Barack Obama’s 2012 State of the Union address reflected the heady moment in education. “We know a good teacher can increase the lifetime income of a classroom by over $250,000,” he said. “A great teacher can offer an escape from poverty to the child who dreams beyond his circumstance.”

Bad teachers were the problem; good teachers were the solution. It was a simplified binary, but the idea and the research it drew on had spurred policy changes across the country, including a spate of laws establishing new evaluation systems designed to reward top teachers and help weed out low performers.

Behind that effort was the Bill and Melinda Gates Foundation, which backed research and advocacy that ultimately shaped these changes.

It also funded the efforts themselves, specifically in several large school districts and charter networks open to changing how teachers were hired, trained, evaluated, and paid. Now, new research commissioned by the Gates Foundation finds scant evidence that those changes accomplished what they were meant to: improve teacher quality or boost student learning.  

The 500-plus page report by the Rand Corporation, released Thursday, details the political and technical challenges of putting complex new systems in place and the steep cost — $575 million — of doing so.

The post-mortem will likely serve as validation to the foundation’s critics, who have long complained about Gates’ heavy influence on education policy and what they call its top-down approach.

The report also comes as the foundation has shifted its priorities away from teacher evaluation and toward other issues, including improving curriculum.

“We have taken these lessons to heart, and they are reflected in the work that we’re doing moving forward,” the Gates Foundation’s Allan Golston said in a statement.

The initiative did not lead to clear gains in student learning.

At the three districts and four California-based charter school networks that took part of the Gates initiative — Pittsburgh; Shelby County (Memphis), Tennessee; Hillsborough County, Florida; and the Alliance-College Ready, Aspire, Green Dot, and Partnerships to Uplift Communities networks — results were spotty. The trends over time didn’t look much better than similar schools in the same state.

Several years into the initiative, there was evidence that it was helping high school reading in Pittsburgh and at the charter networks, but hurting elementary and middle school math in Memphis and among the charters. In most cases there were no clear effects, good or bad. There was also no consistent pattern of results over time.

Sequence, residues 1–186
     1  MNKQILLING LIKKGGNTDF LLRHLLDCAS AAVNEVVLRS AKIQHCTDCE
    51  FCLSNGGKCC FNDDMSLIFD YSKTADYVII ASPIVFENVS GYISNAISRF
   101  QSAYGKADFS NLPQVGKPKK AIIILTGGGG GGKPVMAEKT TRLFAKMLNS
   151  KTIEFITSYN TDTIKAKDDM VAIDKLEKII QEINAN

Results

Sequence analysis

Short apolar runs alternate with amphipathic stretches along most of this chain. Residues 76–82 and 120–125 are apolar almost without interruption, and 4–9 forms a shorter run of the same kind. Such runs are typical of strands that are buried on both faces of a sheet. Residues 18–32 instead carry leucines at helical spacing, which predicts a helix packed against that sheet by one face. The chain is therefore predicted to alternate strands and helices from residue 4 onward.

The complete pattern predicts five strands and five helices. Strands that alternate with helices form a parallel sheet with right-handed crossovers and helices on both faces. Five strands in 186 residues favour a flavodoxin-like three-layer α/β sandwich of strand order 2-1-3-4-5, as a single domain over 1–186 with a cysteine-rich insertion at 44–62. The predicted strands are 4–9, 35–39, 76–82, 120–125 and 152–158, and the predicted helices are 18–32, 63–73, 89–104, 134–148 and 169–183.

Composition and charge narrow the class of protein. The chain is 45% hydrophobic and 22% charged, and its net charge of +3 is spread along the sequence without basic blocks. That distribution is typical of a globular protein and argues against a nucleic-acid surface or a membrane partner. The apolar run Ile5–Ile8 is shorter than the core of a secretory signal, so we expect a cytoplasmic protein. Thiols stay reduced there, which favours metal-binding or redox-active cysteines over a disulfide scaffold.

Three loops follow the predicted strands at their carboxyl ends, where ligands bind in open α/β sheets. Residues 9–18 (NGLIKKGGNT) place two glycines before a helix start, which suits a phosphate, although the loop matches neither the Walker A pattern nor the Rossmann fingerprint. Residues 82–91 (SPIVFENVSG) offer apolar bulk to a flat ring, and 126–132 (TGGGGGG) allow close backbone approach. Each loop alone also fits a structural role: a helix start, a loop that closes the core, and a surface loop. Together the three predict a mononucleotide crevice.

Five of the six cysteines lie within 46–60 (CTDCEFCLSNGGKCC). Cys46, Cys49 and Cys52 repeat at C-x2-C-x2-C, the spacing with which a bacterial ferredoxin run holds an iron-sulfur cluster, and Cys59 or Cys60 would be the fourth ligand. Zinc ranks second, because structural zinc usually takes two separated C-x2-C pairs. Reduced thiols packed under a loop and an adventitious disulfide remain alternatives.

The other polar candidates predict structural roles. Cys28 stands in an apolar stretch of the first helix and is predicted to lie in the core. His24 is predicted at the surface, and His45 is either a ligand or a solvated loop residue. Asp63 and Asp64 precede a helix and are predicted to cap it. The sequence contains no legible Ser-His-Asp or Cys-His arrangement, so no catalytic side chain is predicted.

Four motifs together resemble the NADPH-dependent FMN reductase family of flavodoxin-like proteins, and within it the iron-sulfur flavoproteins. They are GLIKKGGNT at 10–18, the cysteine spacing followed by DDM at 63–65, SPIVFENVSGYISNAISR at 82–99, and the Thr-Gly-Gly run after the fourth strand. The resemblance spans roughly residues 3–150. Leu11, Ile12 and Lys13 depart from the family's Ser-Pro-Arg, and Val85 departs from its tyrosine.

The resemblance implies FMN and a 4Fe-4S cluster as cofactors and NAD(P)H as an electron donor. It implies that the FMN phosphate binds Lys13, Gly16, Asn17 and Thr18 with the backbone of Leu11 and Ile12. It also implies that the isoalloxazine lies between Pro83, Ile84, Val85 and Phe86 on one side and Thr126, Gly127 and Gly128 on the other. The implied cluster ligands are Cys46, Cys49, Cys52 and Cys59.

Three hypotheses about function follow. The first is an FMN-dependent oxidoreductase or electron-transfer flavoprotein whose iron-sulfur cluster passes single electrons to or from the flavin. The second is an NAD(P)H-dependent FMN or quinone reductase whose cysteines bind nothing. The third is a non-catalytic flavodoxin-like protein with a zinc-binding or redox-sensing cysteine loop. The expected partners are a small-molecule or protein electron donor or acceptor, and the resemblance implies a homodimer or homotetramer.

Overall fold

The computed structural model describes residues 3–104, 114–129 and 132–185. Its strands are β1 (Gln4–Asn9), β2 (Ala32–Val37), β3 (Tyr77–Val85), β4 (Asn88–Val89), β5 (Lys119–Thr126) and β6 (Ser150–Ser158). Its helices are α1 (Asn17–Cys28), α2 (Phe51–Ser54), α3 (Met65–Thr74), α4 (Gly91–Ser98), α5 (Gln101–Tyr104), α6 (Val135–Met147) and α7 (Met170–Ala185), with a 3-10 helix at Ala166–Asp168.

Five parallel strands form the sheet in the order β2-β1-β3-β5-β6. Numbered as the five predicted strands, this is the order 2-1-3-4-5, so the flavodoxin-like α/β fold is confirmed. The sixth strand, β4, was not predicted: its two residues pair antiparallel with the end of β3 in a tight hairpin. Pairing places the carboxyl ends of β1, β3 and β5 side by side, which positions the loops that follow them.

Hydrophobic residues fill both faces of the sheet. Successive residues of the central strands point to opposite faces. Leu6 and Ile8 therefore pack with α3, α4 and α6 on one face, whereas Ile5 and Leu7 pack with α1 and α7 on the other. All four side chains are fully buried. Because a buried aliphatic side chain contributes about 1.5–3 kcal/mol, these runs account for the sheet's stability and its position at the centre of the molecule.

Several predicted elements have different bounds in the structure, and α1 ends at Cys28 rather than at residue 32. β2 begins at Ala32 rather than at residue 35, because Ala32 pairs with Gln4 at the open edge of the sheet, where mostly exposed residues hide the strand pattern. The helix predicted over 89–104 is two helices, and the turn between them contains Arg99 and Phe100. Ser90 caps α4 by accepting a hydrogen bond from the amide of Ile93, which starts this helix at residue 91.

A complicating factor here is that the comparison schools may also have been changing their teacher evaluations, as the study spanned from 2010 to 2015, when many states passed laws putting in place tougher evaluations and weakening tenure.

There were also lots of other changes going on in the districts and states — like the adoption of Common Core standards, changes in state tests, the expansion of school choice — making it hard to isolate cause and effect. Studies in Chicago, Cincinnati, and Washington D.C. have found that evaluation changes had more positive effects.

Matt Kraft, a professor at Brown who has extensively studied teacher evaluation efforts, said the disappointing results in the latest research couldn’t simply be chalked up to a messy rollout.

These “districts were very well poised to have high-quality implementation,” he said. “That speaks to the actual package of reforms being limited in its potential.”

Principals were generally positive about the changes, but teachers had more complicated views.

From Pittsburgh to Tampa, Florida, the vast majority of principals agreed at least somewhat that “in the long run, students will benefit from the teacher-evaluation system.”

Source: RAND Corporation

Teachers in district schools were far less confident.

When the initiative started, a majority of teachers in all three districts tended to agree with the sentiment. But several years later, support had dipped substantially. This may have reflected dissatisfaction with the previous system — the researchers note that “many veteran [Pittsburgh] teachers we interviewed reported that their principals had never observed them” — and growing disillusionment with the new one.

Majorities of teachers in all locations reported that they had received useful feedback from their classroom observations and changed their habits as a result.